Tuesday, November 18, 2003

More music, but shorter

Recently, any time I go to Parasol, I come home with a handful of CDs. Thank god I'm moving away before I spend all my money.

Anyhoo, here are some shorty reviews of some stuff I picked up (and an older one that's completely worthwhile).

!!!, Me and Giuliani Down by the Schoolyard
I think this is what I what I wanted The Rapture album to be. That is, two songs long. (Rimshot.) !!! sound a little like Pigbag (well, the one Pigbag song I've heard), but they sound a lot more original than The Rapture, and take themselves a lot less seriously (a good thing for a dance-punk group). And they tell both Rudy and Bloomberg to get down. Put this on, fill the room with foam and let the UChicago kids get down for a study break, I say!

Calexico, Alone Again Or EP
I love this song. I could listen to the original version of this song (by Love, if you don't know, and if you don't, find Forever Changes or the nifty Rhino best of comp as soon as you can) all day long, several weeks in a row. The barking dogs who do Jingle Bells could cover this song and I'd still like it. I like Calexico a lot more than I like the Jingle Bells dogs. I like this version a lot. The other songs are good, too.

Sufjan Stevens, Michigan
Pitchfork has managed to redeem itself from The Rapture debacle by recommending this album of gorgeous, lush acoustic music. The title (fully Greetings From Michigan the Great Lakes State) does not lie: the song titles alone mention Flint, Ypsilanti, Michigan, the Upper Peninsula, Tahquamenon Falls, Holland, Detroit, Alanson, and Sault Saint Marie, and there's a lovely map of the state in the liner notes. Stevens, now living in Brooklyn, is a Detroit native, and this entire album seems like a tribute to the winters of his home state. I declare it morally imperative that all of my Michigan friends get a copy of this. Between this and reading Middlesex, I'm having a very Michigan-y time these days.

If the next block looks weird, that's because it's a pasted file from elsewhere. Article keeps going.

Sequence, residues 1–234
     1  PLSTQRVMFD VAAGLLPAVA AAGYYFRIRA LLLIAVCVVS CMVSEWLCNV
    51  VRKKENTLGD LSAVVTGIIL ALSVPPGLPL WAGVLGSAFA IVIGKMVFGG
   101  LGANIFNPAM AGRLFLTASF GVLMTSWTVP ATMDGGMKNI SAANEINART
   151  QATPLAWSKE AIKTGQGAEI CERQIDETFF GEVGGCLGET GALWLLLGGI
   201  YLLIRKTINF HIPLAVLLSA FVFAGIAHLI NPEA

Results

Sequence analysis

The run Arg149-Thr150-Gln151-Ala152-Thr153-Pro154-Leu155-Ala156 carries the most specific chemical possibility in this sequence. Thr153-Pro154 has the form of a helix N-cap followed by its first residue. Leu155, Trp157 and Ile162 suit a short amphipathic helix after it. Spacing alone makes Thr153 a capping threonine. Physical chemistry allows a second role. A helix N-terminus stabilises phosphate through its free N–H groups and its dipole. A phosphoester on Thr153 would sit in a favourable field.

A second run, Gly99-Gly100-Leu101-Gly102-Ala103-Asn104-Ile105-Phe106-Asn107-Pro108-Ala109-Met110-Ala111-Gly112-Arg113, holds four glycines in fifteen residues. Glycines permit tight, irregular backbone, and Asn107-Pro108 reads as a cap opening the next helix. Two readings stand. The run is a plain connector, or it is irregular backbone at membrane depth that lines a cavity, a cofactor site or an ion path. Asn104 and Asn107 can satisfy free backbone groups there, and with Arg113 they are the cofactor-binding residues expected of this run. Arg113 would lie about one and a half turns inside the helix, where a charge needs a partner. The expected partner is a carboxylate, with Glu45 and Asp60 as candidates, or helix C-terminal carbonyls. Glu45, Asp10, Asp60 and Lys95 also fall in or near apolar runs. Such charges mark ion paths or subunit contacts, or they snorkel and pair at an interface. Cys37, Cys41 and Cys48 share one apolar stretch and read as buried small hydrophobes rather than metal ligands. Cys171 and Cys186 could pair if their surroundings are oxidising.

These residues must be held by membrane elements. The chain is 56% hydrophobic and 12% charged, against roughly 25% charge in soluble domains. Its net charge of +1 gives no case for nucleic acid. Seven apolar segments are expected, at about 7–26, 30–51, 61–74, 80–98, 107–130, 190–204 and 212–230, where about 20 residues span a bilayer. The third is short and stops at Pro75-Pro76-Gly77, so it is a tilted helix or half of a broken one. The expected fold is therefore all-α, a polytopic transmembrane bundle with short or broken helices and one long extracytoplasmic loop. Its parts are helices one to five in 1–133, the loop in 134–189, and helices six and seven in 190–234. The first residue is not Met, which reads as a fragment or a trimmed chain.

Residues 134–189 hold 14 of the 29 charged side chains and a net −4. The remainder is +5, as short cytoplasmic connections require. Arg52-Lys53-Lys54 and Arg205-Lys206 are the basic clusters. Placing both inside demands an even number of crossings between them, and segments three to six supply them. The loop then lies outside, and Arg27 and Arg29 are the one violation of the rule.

Richard Swift, The Novelist
Oh my goodness. This is a completely obscure record, recommended to me by Roy from Parasol, who has friends who are also on this label. I'm not even sure if there are copies still available (though you can try at the label's website. Unless something spectacular comes out in the next couple of months, I'm going to consider this the best new music I've heard all year. The Novelist is something of a concept album, about a Great Depression-era New York writer, and it's recorded to sound as though it's from that era. It's certainly not rock, but it's incredibly powerful. Swift's voice is lovely--reminiscent of Fred Astaire, with a slight touch of the menace of Tom Waits. The album is only about 20 minutes long (4 of the songs are more soundscapes, with 4 proper tunes), but there is not a bit of wasted time on this album. Everything is brilliant. I swear, buy this album, and you'll find yourself wandering around humming "I am New York/Tired and weak/Try to write a book each time I speak." (According to a friend-of-a-friend-of-an-acquaintance-who-knows-somebody-who-knows-somebody-at-some-label, Swift may have recently signed to V2, possibly under Jack White's Third Man label, so if you can't get the record now, it might come out again later. But if you do get it now, you can talk about how you knew Richard Swift was great way back when!)